The first time I remember binge eating was in sixth grade. After school I went home with my friend Susan who threw a sleeve of buttered crackers in the oven for us to snack on. We ate the whole stack of warm treats before her mother arrived.

Then puberty set off waves of insecurity about my changing body. I wasn't alone. Friends my age also were obsessed with body image, dieting and fitting in. I managed to keep my weight under control until college, when at last I was on my own and had free rein over my food supply, whether stocking the mini fridge in the dorm room or eating meals in the cafeteria.

Overweight and depressed, I drifted between my bedroom, the refrigerator and the couch, mindlessly eating to numb the emotional pain.

Later, in my 20s, I was stuck in what my brother called the Bermuda Triangle. Overweight and depressed, I drifted between my bedroom, the refrigerator and the couch, mindlessly eating dozens of doughnuts, boxes of cookies and gallons of ice cream to numb the emotional pain.

Somewhere in that foggy decade I applied for membership in Mensa, the high-IQ society – and passed the entrance requirements. Was this an act of ego or low self-esteem? Probably both, but now I was officially intelligent.

All that sharp grey matter couldn’t help me feel better, stop overeating and lose weight. My years of unsuccessful attempts included juice fasts, ear acupuncture, diet pills, therapy, pay-and-weigh support groups, over-exercising and countless diets revolving around cabbage soup, bananas, grapefruit and high protein. If I was so smart, how come I couldn’t figure my way out of this? Maybe if I just found the right diet! I still believed in my own resources. Yet I had no clue how to face my problems.

Food Was Never the Problem

I didn’t know that food wasn't the root of my problem. Ironically, that realization would dawn because of a Thanksgiving meal with our local Big Brother/Big Sisters agency. I noticed another Big Sister had lost a lot of heft – 100 pounds, to be exact – since the previous year, and asked her how she’d done it. Kathy told me how Overeaters Anonymous had changed her life.

Intrigued, skeptical and nervous, I tiptoed into my first OA meeting in January 1986.

The biggest gift of coming to a 12-step program was to find my own Higher Power, Whom I didn’t know was missing.

I wish I could recall how my smart-cookie self felt. I just knew I was powerless over food and wanted to recover. OA pointed me to a Power greater than myself, but didn’t define it for me. The biggest gift of coming to a 12-step program was to find my own Higher Power, Whom I didn’t know was missing. As an assimilated young career woman, I just never thought about God.

Filling the Emptiness Within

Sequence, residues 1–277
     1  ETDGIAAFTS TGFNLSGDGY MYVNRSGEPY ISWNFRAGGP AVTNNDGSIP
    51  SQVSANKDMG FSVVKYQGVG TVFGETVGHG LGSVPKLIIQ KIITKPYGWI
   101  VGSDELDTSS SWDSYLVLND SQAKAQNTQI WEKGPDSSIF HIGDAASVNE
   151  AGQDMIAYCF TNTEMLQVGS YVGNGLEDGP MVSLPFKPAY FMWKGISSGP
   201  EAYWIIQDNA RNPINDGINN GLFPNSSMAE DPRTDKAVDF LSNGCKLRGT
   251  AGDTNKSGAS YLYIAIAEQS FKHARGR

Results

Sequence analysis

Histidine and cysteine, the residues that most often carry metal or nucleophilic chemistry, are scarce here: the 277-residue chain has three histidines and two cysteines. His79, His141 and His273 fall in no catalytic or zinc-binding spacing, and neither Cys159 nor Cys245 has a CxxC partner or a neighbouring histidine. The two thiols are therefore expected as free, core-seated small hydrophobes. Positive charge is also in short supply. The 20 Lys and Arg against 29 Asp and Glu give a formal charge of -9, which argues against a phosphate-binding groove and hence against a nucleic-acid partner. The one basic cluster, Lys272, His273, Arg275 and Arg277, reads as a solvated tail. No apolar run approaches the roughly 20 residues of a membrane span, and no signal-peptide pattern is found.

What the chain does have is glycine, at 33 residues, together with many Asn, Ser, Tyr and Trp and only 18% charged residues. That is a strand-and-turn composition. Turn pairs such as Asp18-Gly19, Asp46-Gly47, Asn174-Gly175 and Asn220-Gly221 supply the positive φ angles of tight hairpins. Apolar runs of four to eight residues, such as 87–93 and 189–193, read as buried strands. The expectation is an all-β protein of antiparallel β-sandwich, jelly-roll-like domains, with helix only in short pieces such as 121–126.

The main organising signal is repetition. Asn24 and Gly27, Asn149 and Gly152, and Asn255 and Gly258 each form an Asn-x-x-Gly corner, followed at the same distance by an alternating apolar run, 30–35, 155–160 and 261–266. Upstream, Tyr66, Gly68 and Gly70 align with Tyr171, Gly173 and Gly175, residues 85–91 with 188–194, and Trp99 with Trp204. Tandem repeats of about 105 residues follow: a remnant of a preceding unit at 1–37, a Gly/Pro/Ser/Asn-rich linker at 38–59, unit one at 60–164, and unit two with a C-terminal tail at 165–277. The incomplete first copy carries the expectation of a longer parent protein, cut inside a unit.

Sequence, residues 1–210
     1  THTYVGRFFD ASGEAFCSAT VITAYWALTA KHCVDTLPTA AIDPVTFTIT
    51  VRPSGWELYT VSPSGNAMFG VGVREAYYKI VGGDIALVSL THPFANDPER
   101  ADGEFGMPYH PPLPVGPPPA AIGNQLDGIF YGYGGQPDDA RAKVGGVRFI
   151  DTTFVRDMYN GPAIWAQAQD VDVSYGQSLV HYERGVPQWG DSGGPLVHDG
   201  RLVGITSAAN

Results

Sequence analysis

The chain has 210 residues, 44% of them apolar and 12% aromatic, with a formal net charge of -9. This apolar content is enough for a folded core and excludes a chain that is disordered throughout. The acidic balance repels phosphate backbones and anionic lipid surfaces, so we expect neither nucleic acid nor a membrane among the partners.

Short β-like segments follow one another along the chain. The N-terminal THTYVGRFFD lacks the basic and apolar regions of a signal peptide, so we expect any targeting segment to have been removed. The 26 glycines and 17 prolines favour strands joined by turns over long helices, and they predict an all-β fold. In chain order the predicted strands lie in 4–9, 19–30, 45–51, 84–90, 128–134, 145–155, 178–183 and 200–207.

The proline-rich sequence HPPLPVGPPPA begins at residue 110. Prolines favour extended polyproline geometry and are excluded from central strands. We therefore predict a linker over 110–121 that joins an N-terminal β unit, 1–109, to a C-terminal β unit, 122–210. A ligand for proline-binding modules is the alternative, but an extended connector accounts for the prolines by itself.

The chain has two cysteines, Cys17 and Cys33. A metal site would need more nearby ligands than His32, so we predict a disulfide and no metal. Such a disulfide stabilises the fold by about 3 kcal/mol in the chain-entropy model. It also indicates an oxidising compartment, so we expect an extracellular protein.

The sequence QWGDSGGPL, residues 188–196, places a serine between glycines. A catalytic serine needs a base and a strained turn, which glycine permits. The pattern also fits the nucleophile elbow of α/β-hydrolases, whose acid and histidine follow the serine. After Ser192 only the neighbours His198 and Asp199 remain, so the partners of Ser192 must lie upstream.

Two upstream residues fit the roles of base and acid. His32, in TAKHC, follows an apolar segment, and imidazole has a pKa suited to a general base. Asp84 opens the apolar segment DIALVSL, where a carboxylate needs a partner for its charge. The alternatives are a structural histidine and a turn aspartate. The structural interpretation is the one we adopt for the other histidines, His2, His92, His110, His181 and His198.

Here was a chance to seek a Higher Power of my own understanding. The steps suggested turning our will and our lives over to the care of God as we understood Him. How was I supposed to do all that? I had no clues in my memory bank from Sunday school at my synagogue, which included dry subjects like the history of Judaism and Israel. I couldn’t imagine members of my tribe talking about things like God and praying.

So who did I turn to for help? Good Southern Christians who unapologetically wore these subjects on their sleeve. My explorations even led me to a nondenominational Christian Bible study course on Genesis, where I simply tuned out Jesus's name. After all, I wasn’t looking to convert, just to discover.

But the next year, Bible study centered on the New Testament, and that I couldn’t tune out. So I dropped out. Meanwhile with my love of learning I decided to see if the synagogue of my youth offered adult education. It had been many years since I had crossed that threshold.

I remain deeply grateful for the rabbi I encountered. He was young, brilliant, warm and relatable. He cared deeply about God, Judaism, Jews and Israel. As he taught classes in the library of the synagogue, my mind soared to keep up with him. His words and passion pierced my heart.

Much to my surprise, I began thirsting for more connection and started attending services. Soon I was enjoying Passover seder with the rabbi and his family. Then I was staying up all night on Shavuot studying Torah in his basement with other seekers.

Judaism provided a wealth of food for my soul.

I was filling my inner emptiness not with food, but with a foundation based on my Higher Power, the God of my heritage. The urges to overeat were cues to attend to something in myself, whether a fear, resentment or other feeling I was attempting to push down. The 12 steps helped me deal with them. Those food thoughts and cravings also signaled a need to get out of myself and connect to other people and to God.

Judaism provided a wealth of food for my soul. And my Jewish exploration is never- ending, continuing to inform my life today. I often find myself thinking, "I didn't know our tradition had this."

The Winding Path Home

The journey that began 36 years ago has included a strong connection to my heritage, many trips to Israel and dual citizenship. My 20-something, 50-pounds-heavier self never would have imagined this direction.

I’m grateful that my food problems and a sense of despair and hopelessness led me home. I couldn't do it myself. The orchestration from Above was brilliant.